What Is Beurre Noisette?

Beurre noisette is made by browning butter in a heavy pot.
The French use beurre noisette in the making of croissants.
Madeleines are another French pastry that utilizes beurre noisette.
Article Details
  • Written By: Cassie L. Damewood
  • Edited By: Lucy Oppenheimer
  • Last Modified Date: 11 November 2014
  • Copyright Protected:
    Conjecture Corporation
  • Print this Article
Free Widgets for your Site/Blog
On average, people spend a year of their lives looking for items they've misplaced.  more...

December 18 ,  1620 :  The Mayflower landed in Plymouth.  more...

Beurre noisette is unsalted butter that has been lightly browned, though not burned. The term is French, literally meaning hazelnut (noisette) butter (beurre), though no hazelnuts are used in making it. In addition to changing color, the butter takes on a nutty flavor not found in butter that has simply been melted. Brown butter may be used in a variety of dishes including French pastries and as a topping to cooked vegetables to give them an added dimension of flavor.

Making beurre noisette is simple, but it requires constant attention to prevent it from burning, as burnt butter has a very bitter taste. Very browned butter, or beurre noir (black butter), is also used in French cuisine in a variety of dishes from eggs to vegetables.

This items starts out as unsalted butter that is placed in a saucepan. Heavy-bottom saucepans are generally preferred, as thin pans usually expose the butter too quickly to the heat, causing the butter to be scorched. The butter is typically browned over medium heat — around 250°F degrees (about 121°C degrees). When the volume in the pan has reduced by about one quarter, the heat is turned down low. Once light brown flecks appear, the pan is removed from the heat and set it in cool water to quickly reduce the heat.


Brown butter can be used in a variety of ways. When its used to flavor fish, poultry, or vegetables, lemon juice is often added, usually in a one-to-four lemon juice-to-butter ratio. If it's used to saute food, however, lemon usually isn't used. Beurre noisette is particularly popular for sauteing breaded food because it has a lower water content and therefore helps create a more crunchy exterior.

Beurre noisette is also frequently used in making French pastries, cakes and cookies. Madeleines and financiers — miniature cakes frequently found in French bakeries — often call for it. Besides imparting a delicate nutty flavor, the browned butter gives pastries and cakes a toasty flavor.

Although browned butter can be made from traditional American-made butter, a number of chefs and culinary experts prefer making it from European or French varieties. These butters, as well as hand churned specialty butters, frequently have more distinct flavors than American ones.


More from Wisegeek

You might also Like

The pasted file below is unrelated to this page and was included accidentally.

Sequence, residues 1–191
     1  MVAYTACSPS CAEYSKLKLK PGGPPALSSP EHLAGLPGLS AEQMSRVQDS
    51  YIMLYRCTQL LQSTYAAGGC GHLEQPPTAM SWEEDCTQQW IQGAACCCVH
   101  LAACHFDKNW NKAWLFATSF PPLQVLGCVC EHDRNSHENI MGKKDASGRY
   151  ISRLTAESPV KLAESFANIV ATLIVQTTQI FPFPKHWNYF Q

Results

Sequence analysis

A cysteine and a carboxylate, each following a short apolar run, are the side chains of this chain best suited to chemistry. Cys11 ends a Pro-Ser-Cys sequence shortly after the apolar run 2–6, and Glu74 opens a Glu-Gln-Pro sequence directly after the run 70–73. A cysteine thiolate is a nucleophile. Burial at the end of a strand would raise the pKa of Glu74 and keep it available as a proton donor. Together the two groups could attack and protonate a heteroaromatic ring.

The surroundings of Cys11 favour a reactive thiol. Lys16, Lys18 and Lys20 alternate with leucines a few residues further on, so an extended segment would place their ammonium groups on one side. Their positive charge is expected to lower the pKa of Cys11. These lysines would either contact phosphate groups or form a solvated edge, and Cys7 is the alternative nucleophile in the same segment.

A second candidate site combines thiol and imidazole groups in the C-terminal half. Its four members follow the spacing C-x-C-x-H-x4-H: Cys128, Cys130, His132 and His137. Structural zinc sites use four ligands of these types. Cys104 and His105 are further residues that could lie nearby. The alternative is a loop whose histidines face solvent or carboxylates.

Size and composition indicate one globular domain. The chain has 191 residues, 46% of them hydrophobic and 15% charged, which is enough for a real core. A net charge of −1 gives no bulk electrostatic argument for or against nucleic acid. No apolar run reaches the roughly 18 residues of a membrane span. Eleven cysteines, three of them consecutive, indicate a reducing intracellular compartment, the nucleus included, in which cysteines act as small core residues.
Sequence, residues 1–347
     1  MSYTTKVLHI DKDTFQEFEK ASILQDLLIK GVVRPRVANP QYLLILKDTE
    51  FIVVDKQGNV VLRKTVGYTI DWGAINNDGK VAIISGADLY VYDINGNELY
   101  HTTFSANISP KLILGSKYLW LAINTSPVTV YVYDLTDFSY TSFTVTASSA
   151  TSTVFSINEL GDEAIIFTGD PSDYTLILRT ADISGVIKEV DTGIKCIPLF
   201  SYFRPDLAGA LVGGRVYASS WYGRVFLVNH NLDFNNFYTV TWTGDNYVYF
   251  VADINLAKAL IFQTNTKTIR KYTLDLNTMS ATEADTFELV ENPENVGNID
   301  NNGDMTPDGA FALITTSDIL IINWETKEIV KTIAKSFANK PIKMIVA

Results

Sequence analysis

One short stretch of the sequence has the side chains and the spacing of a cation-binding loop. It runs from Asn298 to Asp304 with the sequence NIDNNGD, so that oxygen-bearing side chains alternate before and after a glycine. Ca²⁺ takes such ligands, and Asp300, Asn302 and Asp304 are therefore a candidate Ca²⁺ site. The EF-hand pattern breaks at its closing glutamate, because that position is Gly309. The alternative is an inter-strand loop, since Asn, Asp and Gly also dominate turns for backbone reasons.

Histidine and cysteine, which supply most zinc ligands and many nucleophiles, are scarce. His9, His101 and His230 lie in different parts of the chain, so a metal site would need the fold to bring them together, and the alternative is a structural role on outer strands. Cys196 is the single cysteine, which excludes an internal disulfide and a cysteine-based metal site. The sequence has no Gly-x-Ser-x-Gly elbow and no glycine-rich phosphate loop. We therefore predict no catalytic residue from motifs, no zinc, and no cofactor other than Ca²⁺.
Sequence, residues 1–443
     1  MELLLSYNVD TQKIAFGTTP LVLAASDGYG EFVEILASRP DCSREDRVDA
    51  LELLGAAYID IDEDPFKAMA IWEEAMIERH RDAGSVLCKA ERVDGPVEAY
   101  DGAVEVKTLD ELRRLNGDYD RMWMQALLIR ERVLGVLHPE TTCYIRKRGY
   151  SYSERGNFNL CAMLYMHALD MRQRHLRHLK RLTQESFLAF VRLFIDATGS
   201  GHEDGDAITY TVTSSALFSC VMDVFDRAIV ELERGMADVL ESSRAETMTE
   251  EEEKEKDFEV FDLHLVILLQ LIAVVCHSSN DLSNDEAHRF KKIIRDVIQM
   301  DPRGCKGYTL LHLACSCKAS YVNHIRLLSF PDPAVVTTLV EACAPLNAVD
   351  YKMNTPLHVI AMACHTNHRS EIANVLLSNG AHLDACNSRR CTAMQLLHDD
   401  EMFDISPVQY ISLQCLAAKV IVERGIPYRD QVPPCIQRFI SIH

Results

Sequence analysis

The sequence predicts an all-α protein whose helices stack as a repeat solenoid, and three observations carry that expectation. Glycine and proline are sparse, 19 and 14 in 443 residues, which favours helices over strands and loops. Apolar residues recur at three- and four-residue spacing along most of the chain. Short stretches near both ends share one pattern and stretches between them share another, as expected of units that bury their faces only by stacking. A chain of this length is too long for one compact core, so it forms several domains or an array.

Discuss this Article

Post 3

This has actually given me what seems like a really good idea. Whenever I cook my own popcorn I melt a bit of butter in the microwave (or use olive oil) to give it some flavor. For a while I tried to use margarine because for a while people thought it was healthier for you (even though a lot of the time it isn't) but eventually I realized that margarine has too much water in it. It would melt the popcorn and make it much less crispy.

If beurre noisette has less water content and it has a nicer flavor than normal butter, then perhaps making that as the popcorn flavor would make the popcorn tastier and more crispy.

I am going to try this as soon as I have a movie night. It sounds like it could really improve my popcorn.

Post 2

@MrsPramm - Well, actually the idea that saturated fats are responsible for clogged arteries is generally based on bad science. Sugar and trans fats are much more likely to be the culprits.

You shouldn't eat too much butter, that's for sure but it tends to fill you up more and a well cooked and tended meal that tastes wonderful is more likely to satisfy you than one that's been reduced in taste so that you can avoid the dreaded saturated fats.

Moreover trans fats come from overheating vegetable oils, so actually they aren't that much healthier than saturated fats. I think beurre blanc or noisette is perfectly fine in moderation like most things. People have been eating it for generations without it doing that much harm.

Post 1

French cooking tastes so delicious precisely because they put so much butter into the food. Butter is essentially pure saturated fat which is why it tastes so good. Once upon a time it would have been the best energy source a caveman could find. But now it's responsible for clogged arteries and the growing obesity epidemic. You're much better off using a vegetable oil which you won't have to look after to make sure it doesn't burn black either and tastes almost as good.

Post your comments

Post Anonymously


forgot password?